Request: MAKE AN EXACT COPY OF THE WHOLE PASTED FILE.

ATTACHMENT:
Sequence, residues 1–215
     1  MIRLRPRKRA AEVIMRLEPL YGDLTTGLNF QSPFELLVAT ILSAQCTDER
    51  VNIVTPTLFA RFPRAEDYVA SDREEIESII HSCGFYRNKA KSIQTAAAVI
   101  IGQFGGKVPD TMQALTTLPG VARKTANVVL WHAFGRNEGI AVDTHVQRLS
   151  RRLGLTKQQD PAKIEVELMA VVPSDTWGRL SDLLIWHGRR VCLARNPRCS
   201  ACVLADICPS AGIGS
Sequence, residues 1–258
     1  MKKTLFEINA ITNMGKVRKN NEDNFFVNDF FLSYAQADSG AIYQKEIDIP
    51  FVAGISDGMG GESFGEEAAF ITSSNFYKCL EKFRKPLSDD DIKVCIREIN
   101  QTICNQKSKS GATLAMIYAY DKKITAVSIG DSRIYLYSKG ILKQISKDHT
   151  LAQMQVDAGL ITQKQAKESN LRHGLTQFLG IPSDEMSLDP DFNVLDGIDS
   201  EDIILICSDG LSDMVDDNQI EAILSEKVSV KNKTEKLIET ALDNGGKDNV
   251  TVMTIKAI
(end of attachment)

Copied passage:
Sequence, residues 1–215
     1  MIRLRPRKRA AEVIMRLEPL YGDLTTGLNF QSPFELLVAT ILSAQCTDER
    51  VNIVTPTLFA RFPRAEDYVA SDREEIESII HSCGFYRNKA KSIQTAAAVI
   101  IGQFGGKVPD TMQALTTLPG VARKTANVVL WHAFGRNEGI AVDTHVQRLS
   151  RRLGLTKQQD PAKIEVELMA VVPSDTWGRL SDLLIWHGRR VCLARNPRCS
   201  ACVLADICPS AGIGS
Sequence, residues 1–258
     1  MKKTLFEINA ITNMGKVRKN NEDNFFVNDF FLSYAQADSG AIYQKEIDIP
    51  FVAGISDGMG GESFGEEAAF ITSSNFYKCL EKFRKPLSDD DIKVCIREIN
   101  QTICNQKSKS GATLAMIYAY DKKITAVSIG DSRIYLYSKG ILKQISKDHT
   151  LAQMQVDAGL ITQKQAKESN LRHGLTQFLG IPSDEMSLDP DFNVLDGIDS
   201  EDIILICSDG LSDMVDDNQI EAILSEKVSV KNKTEKLIET ALDNGGKDNV
   251  TVMTIKAI